it became clear that ethnic Russians had been encouraged to flood into Estonia and Latvia in order to destroy the cultures and languages of these peoples. Previously, it had been easy to dismiss as unrealistic Jean Raspail’s anti-immigration novel The Camp of the Saints, in which virtually the entire population of India decides to move, in small boats, into France, and the French, infected by liberal ideology, cannot summon the will to prevent economic and cultural national destruction. As cultural and welfare-state problems have intensified, it became impossible to dismiss Raspail’s concerns any longer.

What did Americans think Mexico was up to, when it began printing manuals to help illegal aliens enter the United States? At least now we know for certain that the governments of Latin America are making more money than ever before on remittances—all at the expense of American citizens.

What do Americans suppose Augustin Cebada of the Brown Berets meant when he said: “Go back to Boston! Go back to Plymouth Rock, Pilgrims! Get out! We are the future. You are old and tired. Go on. We have beaten you. Leave like beaten rats. You old white people. It is your duty to die . . . Through love of having children, we are going to take over.”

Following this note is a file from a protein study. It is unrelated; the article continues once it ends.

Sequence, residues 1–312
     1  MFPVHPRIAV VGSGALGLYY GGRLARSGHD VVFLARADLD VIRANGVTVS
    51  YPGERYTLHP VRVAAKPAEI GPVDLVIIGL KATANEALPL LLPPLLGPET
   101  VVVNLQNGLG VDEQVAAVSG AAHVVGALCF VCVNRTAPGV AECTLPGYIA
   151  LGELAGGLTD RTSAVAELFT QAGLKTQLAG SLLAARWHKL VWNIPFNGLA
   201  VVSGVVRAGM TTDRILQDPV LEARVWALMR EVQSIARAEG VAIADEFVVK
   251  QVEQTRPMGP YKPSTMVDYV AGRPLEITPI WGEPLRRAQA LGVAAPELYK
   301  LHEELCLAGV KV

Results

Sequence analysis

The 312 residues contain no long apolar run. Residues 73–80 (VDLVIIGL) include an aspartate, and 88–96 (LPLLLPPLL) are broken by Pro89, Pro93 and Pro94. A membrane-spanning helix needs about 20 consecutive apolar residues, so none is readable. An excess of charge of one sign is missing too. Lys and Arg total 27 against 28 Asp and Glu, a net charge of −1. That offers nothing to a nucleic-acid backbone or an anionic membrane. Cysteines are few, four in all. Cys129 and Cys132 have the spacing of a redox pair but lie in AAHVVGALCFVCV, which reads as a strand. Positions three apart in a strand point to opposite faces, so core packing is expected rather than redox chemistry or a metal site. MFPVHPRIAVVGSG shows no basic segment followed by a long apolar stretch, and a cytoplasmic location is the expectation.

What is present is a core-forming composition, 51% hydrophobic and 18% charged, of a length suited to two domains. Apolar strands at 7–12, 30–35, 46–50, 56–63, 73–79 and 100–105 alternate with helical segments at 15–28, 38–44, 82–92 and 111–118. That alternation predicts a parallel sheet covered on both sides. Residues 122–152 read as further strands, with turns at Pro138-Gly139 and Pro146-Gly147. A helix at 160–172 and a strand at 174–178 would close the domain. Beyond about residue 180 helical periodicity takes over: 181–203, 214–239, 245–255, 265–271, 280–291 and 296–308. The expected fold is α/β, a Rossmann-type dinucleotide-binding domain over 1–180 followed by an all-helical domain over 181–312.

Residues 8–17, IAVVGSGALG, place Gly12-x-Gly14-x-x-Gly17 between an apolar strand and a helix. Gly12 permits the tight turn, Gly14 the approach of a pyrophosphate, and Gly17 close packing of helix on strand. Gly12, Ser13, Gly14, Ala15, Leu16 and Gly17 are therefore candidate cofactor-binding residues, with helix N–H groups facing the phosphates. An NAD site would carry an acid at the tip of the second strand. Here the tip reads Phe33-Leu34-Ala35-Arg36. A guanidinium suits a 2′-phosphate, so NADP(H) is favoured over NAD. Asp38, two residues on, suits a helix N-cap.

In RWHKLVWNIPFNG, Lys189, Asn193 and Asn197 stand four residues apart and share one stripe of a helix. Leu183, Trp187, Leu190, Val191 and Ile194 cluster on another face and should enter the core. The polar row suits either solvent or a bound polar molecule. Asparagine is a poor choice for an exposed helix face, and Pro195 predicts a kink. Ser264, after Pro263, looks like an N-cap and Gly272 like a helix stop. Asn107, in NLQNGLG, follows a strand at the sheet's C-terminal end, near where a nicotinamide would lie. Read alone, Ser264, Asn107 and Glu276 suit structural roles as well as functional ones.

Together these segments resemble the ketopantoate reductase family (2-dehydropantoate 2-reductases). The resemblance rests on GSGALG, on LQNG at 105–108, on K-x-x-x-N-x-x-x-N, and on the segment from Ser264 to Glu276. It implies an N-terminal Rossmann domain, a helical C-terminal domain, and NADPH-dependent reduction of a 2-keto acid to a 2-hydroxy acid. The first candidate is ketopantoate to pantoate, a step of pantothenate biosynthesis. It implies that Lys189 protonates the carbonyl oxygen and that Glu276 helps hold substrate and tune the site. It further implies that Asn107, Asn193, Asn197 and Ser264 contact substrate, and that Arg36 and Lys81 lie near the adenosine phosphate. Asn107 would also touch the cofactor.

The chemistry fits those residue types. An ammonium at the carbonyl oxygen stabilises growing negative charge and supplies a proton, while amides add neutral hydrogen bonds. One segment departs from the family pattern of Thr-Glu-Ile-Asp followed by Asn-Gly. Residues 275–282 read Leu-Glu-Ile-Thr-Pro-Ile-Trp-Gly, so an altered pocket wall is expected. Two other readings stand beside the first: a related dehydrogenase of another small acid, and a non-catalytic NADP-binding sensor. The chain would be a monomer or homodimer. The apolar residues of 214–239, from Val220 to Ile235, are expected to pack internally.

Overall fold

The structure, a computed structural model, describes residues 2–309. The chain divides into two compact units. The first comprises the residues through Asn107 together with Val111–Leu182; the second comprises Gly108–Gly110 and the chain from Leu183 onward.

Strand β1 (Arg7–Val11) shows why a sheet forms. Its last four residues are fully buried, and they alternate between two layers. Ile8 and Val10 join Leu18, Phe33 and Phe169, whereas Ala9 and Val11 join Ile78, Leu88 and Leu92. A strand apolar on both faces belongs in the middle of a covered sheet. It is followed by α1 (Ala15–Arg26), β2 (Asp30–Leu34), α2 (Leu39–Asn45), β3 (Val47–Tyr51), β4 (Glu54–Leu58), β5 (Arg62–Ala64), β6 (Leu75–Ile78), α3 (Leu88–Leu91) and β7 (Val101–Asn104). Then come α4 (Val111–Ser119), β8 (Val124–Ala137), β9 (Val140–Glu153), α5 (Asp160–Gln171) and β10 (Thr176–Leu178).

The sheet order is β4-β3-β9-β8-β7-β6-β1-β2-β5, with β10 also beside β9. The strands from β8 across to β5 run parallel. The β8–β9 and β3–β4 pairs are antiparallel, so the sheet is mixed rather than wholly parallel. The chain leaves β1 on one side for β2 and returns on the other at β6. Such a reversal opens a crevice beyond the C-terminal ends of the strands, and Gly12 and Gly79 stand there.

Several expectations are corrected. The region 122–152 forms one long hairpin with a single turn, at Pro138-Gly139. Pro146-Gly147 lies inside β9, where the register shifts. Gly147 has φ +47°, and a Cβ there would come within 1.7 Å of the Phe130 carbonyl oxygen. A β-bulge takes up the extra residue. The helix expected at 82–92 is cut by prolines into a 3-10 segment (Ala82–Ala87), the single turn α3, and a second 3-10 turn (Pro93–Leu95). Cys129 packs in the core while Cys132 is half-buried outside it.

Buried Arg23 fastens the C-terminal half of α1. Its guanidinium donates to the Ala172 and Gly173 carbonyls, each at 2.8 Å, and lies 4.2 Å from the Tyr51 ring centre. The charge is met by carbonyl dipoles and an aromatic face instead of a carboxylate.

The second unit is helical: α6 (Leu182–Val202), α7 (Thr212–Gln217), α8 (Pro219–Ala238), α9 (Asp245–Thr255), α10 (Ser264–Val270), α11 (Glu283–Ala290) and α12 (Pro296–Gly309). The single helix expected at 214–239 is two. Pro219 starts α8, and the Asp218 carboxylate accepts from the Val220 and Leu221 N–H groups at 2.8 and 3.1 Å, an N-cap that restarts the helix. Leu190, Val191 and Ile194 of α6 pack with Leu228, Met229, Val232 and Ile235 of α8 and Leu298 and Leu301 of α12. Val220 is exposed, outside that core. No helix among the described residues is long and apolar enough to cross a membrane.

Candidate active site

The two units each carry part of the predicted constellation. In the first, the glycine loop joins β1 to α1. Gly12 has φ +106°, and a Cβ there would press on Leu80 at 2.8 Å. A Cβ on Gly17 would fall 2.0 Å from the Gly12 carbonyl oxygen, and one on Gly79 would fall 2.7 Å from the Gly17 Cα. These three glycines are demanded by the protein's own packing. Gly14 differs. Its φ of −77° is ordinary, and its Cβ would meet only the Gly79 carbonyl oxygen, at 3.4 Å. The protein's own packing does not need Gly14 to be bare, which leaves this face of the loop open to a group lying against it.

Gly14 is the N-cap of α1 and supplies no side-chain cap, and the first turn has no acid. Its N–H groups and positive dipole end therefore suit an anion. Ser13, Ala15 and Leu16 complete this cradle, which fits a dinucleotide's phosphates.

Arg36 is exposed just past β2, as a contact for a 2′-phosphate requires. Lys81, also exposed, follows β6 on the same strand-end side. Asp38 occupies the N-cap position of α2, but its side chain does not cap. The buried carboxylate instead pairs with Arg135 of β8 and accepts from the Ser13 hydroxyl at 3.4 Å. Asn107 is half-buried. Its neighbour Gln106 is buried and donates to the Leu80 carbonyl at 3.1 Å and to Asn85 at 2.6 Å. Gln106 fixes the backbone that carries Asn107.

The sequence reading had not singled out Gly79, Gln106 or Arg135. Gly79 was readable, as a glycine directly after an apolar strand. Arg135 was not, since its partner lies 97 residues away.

Better yet, what do Americans suppose Mario Obledo, former California Secretary of Health, Education and Welfare under Governor Jerry Brown, and founder of MALDEF (the Mexican American Legal Defense and Education Fund) meant when he said: “California is going to be a Hispanic state. Anyone who doesn’t like it should leave. Every constitutional office in California is going to be held by Hispanics in the next 20 years.” And people who don’t like such demographic changes, according to Obledo, “should go back to Europe.”